The best learning of this lesson, however, came with the animations (as always!):

Applying the effect of the text sliding in and out of the screen with the use of translateY(-100%); property:

    .panel > **:first-child {
        transform: translateY(-100%);

We are choosing all the first children of the panel element and removing them off screen.

Then if you add transition: transform 0.5s; on panel items, the top elements will be animated in and out of the screen. For more see below.

The second animation we learn about is the effect of opening the door wide, when we click on the element. This is enabled by the css class of .panel.open{ flex: 5 }

Previously, we gave all the panel elements the same width by adding flex:1, now we want one element to be bigger than the rest.

        .panel {
                font-size 0.7s cubic-bezier(0.61,-0.19, 0.7,-0.11),
                flex 0.7s cubic-bezier(0.61,-0.19, 0.7,-0.11),
                background 0.2s;
            font-size: 20px;
            flex: 1;
            justify-content: center;
            display: flex;
            flex-direction: column;

        .panel.open {
            flex: 5;

In order to make it all work automatically, we can attach the specified CSS classes with JS to our HTML elements and use event listeners of click and transitionend to make it all flow nicely together:

First we pick all the ‘panel’ elements:

    const panels = document.querySelectorAll('.panel');

The we listen to click event and add or remove the CSS class of open in order to make one of the elements 5 times bigger than the rest (as per the css above):

    panels.forEach( (panel) => panel.addEventListener('click', toggleOpen));

    function toggleOpen() {

And once this animation has been complete, we can start the sliding in of the top and bottom paragraph elements to the screen.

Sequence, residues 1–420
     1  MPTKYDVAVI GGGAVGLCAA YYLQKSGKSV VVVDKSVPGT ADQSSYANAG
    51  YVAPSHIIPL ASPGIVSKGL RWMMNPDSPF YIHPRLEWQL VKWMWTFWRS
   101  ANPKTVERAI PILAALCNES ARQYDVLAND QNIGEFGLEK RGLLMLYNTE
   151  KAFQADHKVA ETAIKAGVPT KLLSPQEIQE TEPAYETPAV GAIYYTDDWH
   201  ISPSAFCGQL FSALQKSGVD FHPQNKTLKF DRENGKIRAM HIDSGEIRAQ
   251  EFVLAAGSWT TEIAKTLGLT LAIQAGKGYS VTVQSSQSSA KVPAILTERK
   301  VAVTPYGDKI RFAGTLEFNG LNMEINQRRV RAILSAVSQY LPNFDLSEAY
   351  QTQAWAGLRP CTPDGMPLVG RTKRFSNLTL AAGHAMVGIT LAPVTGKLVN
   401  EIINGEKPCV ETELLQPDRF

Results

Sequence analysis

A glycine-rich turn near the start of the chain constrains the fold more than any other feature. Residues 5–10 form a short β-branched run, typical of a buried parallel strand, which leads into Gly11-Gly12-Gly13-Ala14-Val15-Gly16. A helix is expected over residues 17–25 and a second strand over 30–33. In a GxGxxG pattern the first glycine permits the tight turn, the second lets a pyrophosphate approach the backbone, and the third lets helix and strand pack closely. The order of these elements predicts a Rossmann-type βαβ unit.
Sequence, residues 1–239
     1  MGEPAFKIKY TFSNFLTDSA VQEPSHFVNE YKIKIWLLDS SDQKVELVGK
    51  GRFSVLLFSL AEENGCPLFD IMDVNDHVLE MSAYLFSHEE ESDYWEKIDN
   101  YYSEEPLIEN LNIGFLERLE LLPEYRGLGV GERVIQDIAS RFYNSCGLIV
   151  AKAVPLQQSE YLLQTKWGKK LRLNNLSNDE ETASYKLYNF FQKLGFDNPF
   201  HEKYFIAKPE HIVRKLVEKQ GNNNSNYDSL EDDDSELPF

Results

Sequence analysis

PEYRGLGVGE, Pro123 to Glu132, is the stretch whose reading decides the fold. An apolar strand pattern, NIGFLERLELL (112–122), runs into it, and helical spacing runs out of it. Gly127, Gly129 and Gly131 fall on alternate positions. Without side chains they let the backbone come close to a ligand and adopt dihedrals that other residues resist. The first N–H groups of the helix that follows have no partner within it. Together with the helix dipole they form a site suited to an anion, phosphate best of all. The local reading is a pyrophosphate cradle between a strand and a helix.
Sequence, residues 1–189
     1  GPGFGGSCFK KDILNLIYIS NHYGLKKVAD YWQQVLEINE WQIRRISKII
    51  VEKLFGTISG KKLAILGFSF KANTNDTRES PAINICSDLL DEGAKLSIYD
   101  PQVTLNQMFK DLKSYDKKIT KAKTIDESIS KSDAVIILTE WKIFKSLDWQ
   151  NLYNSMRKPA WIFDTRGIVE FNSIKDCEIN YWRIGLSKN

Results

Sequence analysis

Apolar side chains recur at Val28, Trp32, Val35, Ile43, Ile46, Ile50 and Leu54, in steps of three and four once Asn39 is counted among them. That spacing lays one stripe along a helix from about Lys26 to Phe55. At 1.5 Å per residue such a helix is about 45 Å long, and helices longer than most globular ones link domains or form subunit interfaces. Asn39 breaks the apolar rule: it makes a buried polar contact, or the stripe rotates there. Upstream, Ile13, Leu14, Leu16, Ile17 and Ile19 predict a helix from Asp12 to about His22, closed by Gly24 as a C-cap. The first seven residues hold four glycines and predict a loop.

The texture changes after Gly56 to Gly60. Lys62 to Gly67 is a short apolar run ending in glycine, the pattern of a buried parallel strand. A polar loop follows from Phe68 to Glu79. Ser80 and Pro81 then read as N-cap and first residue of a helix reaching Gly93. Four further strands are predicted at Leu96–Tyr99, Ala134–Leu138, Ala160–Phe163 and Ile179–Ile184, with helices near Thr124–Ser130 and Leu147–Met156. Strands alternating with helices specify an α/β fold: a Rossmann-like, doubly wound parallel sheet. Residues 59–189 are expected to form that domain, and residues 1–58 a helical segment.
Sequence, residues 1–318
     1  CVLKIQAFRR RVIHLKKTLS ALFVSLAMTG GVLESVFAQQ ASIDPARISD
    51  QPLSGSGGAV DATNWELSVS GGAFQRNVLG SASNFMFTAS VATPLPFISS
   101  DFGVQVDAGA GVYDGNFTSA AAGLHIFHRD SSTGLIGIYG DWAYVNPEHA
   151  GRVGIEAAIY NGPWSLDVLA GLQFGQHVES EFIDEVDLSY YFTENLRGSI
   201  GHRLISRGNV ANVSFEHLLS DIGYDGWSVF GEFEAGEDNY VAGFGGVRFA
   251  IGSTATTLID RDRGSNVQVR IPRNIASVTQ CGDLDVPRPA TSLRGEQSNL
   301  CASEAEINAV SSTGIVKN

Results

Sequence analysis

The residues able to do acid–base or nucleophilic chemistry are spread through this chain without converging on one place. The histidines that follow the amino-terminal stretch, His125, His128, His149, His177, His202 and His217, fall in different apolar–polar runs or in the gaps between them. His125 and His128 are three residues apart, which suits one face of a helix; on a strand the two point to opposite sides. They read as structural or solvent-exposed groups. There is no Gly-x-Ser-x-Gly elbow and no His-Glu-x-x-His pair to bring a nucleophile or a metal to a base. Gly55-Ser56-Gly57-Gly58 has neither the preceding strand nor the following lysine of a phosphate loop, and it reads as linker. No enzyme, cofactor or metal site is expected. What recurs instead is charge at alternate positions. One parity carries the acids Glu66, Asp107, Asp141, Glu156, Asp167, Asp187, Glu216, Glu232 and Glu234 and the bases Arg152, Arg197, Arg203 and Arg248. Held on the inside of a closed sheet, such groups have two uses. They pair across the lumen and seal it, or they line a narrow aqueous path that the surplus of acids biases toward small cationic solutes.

However at this stage, there are a couple of transitions ending (the change of the font size and the flex-grow), we check that our event starts with flex, and then we apply ‘open-active’ class at the end of this transition:

    function toggleOpenActive(e) {
        if(e.propertyName.includes('flex')) {

    panels.forEach((panel) => 
    panel.addEventListener('transitionend', toggleOpenActive))

So when we click on one of our panels, it will open wide and once this transition is over, it will trigger the text sliding in to the screen from the top and the bottom of each of the panels. When we click out of the element, it will toggle off both the animations.

You can see it in action here: https://codepen.io/penofe/pen/GRRxMLr

Day 6: Ajax Type Ahead

In this lesson, Wes is talking about a new api in the browser called fetch. We get the cities data from an endpoint and then filter them down to display the list of the cities and states containing the phrase the user is looking for.

In order to find a city or state that matches the user’s search term, we can use regex:

    function findMatches(wordToMatch, cities) {
        return cities.filter(place => {
            const regex = new RegExp(wordToMatch, 'gi');
            return place.city.match(regex) || place.state.match(regex)